Monday, May 5, 2014
Three days before Christmas, 2013, the power went out as an ice storm hit southern Ontario. The story of the month that followed is captured in Ice Storm Ontario 2013 (ECW, 2014).
Subtitled The Beauty, the Devastation, the Aftermath, this book of Toronto Star photographs tells the city's tale of woe.
There's even a pic of Mayor Rob Ford getting chewed out by residents. Why won't you declare an emergency?!
There's a photograph of a wet fox scampering between towers of ice.
There's a photograph of a dude in Mississauga chopping wood and a notation that he may be the last person in Ontario to have his power reconnected. He was chopping wood a month after the ice storm hit, still waiting for hydro to reconnect juice to his house.
There is no photograph of my in-laws making tea on my front porch using my camping equipment. Tea! First! Okay, tea made, now ... what's your plan about what we do next? Ah, the English!
A portion of the sale proceeds of this book will be donated to The Toronto Star Fresh Air Fund.
What can one say about this book? Nice pictures. Um, no narrative. Just what's on the cover flap and in the cut lines.
The most compelling news I read accompanied piles of iced branches. Toronto's tree canopy will take decades to recover. Perhaps that is the take away. The trees. Even five months later, there are still piles of branches about, torn limbs visible, concern for our city forest still top of mind. When had we ever spared so many collective thoughts for our trees?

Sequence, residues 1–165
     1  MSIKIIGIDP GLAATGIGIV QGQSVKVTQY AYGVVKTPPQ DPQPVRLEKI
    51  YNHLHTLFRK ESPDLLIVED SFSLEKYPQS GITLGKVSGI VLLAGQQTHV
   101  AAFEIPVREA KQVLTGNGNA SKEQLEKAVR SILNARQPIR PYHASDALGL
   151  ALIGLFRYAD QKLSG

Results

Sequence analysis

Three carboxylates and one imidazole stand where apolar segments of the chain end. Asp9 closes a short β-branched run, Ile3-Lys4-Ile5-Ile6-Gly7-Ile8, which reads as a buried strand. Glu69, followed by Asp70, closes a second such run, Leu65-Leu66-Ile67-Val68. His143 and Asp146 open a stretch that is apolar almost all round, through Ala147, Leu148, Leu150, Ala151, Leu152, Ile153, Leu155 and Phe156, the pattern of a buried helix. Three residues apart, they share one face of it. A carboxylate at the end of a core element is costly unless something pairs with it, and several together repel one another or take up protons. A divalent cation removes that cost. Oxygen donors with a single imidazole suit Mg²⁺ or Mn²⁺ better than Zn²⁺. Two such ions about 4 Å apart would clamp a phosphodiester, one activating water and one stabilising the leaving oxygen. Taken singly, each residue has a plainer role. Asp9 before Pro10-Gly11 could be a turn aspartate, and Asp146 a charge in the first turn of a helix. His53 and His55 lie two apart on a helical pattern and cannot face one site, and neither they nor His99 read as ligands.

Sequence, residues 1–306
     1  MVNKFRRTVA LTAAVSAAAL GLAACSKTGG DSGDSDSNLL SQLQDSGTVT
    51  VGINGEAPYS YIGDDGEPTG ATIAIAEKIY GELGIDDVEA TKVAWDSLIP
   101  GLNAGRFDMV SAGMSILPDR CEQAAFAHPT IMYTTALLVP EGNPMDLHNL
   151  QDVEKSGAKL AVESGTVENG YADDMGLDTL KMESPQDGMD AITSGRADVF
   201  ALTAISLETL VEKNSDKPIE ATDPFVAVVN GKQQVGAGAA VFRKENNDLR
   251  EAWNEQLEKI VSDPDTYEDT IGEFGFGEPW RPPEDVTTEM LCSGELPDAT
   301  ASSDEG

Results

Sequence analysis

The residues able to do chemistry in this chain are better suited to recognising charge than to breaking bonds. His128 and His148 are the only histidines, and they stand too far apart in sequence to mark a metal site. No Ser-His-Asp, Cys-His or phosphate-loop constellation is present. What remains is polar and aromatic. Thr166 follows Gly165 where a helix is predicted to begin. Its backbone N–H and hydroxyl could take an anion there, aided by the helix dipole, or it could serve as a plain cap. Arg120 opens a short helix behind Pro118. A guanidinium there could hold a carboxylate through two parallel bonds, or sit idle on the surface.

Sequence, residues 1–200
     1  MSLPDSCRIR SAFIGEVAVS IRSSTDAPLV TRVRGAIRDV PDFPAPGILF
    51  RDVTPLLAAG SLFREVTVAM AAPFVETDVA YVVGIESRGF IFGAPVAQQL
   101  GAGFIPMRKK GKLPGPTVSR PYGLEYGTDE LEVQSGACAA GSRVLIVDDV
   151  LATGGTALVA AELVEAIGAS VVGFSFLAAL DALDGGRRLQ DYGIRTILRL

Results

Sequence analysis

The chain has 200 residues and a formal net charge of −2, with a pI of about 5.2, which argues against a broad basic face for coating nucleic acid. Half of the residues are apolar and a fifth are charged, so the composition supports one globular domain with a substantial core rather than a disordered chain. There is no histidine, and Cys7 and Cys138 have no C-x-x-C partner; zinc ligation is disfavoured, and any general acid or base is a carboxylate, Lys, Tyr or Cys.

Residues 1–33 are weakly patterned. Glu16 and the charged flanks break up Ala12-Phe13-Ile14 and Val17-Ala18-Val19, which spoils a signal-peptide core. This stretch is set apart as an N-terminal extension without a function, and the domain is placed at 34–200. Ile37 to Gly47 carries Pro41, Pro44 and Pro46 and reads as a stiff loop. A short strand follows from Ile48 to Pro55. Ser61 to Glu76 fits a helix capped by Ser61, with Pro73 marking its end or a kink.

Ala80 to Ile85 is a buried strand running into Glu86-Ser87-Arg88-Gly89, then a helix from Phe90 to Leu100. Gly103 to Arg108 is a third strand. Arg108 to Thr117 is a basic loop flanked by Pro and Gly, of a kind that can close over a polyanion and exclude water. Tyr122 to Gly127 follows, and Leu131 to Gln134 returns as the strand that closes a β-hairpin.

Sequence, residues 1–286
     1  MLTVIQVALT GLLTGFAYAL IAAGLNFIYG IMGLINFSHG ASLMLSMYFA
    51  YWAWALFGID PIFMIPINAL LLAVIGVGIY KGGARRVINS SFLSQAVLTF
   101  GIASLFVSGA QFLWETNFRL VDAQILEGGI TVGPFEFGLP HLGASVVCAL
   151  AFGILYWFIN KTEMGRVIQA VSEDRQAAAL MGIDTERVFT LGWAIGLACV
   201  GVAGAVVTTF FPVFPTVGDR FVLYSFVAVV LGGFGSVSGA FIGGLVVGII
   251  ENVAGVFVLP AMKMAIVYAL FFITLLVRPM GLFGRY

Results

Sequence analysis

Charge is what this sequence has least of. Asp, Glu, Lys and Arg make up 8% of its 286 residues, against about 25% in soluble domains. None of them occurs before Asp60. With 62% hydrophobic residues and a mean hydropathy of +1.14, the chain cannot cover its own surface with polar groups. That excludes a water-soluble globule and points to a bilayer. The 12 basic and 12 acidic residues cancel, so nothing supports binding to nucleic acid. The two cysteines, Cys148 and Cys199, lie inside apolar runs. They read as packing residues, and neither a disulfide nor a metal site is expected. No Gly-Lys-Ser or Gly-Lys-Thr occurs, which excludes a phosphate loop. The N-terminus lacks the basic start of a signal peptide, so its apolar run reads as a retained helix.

Another take away should be noted, because this week is Emergency Management Preparedness Week in Ontario.
Ice Storm 2013 is the only time I used my pre-packed candles and emergency water supply. And I was extra glad to have a supply of propane for my camping stove. And tea!
Three days supply of stuff is what is recommended. It wouldn't have been enough for the dude in Mississauga ... or many others ... but better than nothing.
I'm sure many folks have photographs as stunning as many of those included in this book, but the book shows the context across the city and across the weeks of the aftermath.
Not exactly a stocking stuffer, this book will none-the-less remind you that disaster is one freezing rain storm away. Thank God it's almost summer!